Czech Conductor’s Return Offers Stylistic Sympathy

06/06/2013

  Smetana, Beethoven, and Dvořák: Alina Ibragimova (violin), Seattle Symphony, Jakub Hrůša (conductor), Benaroya Hall, Seattle, 30.5.2013 (BJ)

Smetana: Wallenstein’s Camp
Beethoven: Violin Concerto in D major
Dvořák: Symphony No. 6 in D major

Jakub Hrůša’s return engagement emphatically confirmed the positive impression this gifted young maestro made on his debut appearance with the Seattle Symphony two years ago. Too much can be placed on the benefits of ethnic connections, but his interpretations of music by the two Czech (or Bohemian) composers on the program breathed an air of confident stylistic sympathy.

It was the second half of the program, devoted to my favorite among all the Dvořák symphonies, that made the strongest impact. This was a superbly vibrant, warm, and idiomatic performance. The first movement went with such a splendid swing, and the gorgeous second subject was played with so perfect a blend of horn and cello tone, as to make the conductor’s omission of the exposition repeat all the more regrettable. After a beautifully shaped reading of the Adagio, a dashing account of the Furiant scherzo featured fine work from the viola section (coming close to rivaling the wonderful woody sound that section makes in Karel Šejna’s classic recording), and Judy Kriewall’s piccolo solo in the trio was admirably delicate and accurately tuned. Then, in the concluding Allegro con spirito, perhaps the greatest finale Dvořák ever wrote, Hrůša’s economical technique helped to clarify the movement’s cogent thematic structure, which can be obscured by less than lucid textures.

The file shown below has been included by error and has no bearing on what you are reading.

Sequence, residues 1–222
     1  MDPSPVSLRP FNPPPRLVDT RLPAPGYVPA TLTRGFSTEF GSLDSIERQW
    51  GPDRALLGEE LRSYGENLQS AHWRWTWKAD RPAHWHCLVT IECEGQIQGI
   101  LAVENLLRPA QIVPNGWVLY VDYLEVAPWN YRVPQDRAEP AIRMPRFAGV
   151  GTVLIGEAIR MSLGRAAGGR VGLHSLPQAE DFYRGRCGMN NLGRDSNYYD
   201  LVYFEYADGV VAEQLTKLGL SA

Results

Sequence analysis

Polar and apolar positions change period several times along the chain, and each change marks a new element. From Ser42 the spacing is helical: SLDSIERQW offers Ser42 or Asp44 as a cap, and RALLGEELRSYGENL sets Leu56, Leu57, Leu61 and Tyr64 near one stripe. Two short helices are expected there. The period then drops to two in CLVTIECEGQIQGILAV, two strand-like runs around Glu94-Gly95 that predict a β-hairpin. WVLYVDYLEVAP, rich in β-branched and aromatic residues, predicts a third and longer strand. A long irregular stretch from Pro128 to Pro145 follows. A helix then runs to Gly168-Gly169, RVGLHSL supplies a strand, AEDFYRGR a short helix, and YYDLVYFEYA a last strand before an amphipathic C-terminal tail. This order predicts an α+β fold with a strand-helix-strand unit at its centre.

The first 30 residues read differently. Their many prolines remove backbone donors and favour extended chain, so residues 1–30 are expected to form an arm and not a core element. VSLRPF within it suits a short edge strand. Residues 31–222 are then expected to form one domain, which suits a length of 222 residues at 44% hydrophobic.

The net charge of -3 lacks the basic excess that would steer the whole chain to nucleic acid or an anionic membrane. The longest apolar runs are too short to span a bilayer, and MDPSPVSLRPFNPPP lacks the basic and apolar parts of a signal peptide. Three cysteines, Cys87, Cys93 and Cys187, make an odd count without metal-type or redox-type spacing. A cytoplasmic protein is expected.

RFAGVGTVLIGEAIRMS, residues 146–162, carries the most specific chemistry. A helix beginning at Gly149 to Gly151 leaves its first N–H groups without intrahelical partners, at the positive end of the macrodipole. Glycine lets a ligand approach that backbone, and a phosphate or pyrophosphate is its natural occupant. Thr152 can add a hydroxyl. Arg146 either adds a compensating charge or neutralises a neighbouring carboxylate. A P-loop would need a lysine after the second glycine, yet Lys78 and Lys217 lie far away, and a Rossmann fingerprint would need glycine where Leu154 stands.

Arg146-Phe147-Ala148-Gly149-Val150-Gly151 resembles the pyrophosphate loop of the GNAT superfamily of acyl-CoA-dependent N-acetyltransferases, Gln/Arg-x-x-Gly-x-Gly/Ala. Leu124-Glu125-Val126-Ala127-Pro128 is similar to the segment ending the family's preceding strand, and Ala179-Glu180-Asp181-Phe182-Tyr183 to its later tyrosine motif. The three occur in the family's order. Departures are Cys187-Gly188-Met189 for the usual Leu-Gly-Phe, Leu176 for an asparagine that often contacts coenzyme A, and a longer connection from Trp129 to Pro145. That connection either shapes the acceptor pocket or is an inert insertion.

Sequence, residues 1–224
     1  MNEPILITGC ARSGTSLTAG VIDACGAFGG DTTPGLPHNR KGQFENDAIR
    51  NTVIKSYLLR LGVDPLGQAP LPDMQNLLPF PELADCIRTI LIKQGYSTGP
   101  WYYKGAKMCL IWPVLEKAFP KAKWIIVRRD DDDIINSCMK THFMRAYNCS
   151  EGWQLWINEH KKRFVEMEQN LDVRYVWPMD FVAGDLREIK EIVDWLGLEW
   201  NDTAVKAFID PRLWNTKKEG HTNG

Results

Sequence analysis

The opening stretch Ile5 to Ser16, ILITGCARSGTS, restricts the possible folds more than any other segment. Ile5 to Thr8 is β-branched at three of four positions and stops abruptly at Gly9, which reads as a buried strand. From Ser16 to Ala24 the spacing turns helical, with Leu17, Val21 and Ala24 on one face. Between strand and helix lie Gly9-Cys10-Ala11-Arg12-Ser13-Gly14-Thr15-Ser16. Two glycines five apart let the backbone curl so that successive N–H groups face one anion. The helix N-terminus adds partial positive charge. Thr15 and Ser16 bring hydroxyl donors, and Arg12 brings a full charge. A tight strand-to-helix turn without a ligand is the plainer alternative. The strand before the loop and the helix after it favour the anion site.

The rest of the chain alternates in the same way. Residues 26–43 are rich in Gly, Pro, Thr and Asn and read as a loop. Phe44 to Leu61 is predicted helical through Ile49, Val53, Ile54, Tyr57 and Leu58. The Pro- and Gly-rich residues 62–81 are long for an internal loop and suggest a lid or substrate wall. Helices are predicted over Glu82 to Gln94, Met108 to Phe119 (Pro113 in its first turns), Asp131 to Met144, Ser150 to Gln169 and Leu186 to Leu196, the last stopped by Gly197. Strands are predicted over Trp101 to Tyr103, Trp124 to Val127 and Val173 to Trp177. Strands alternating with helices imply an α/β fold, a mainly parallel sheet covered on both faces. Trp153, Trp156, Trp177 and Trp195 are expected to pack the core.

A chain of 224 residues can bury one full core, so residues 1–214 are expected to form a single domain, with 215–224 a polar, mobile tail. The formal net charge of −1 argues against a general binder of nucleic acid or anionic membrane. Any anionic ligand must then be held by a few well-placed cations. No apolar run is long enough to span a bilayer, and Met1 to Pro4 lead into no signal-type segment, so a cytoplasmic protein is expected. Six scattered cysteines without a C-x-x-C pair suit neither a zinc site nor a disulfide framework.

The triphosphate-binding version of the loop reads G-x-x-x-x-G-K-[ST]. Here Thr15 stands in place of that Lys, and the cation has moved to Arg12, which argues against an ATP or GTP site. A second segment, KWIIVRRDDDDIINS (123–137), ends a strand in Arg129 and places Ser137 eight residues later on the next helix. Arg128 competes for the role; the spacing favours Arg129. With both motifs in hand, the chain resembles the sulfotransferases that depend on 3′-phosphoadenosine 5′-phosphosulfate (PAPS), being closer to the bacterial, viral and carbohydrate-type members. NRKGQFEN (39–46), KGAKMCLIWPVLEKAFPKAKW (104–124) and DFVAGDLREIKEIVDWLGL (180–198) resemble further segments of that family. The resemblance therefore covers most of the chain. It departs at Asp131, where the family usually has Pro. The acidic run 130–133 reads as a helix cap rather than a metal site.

If the relatively unfamiliar Smetana tone-poem that opened the evening offered no such subtleties, the fault was not Hrůša’s—a few quiet moments aside, it’s an essentially rumbustious piece, and it was accorded a suitably rumbustious work-out. Beethoven’s Violin Concerto, however, is a quite different matter, and here I’m afraid the score’s manifold subtleties went for little under the hands of the soloist.

Far the most successful of the three movements was the central Larghetto, where the unusually fluent pulse set by Hrůša encouraged Alina Ibragimova to shape her line lyrically enough. But the outer movements were spoiled by her constant almost grotesque recourse to dynamic swells and dips, so that it seemed as if the music’s tail was wagging the dog. Her tone lacked solidity, and the aggressiveness of her bowing seemed aimed at proving that the violin is a percussion instrument. This was particularly the case in the first-movement cadenza, where she chose to play the one Beethoven wrote for his piano arrangement of the concerto, in Wolfgang Schneiderhan’s back-arrangement for violin, with some alterations of her own. The choice was welcome in itself, for this timpani-supported cadenza is well worth an occasional airing—but not if the frequent multi-stopped chords are to be hacked at in the way they were on this occasion.

 

Bernard Jacobson

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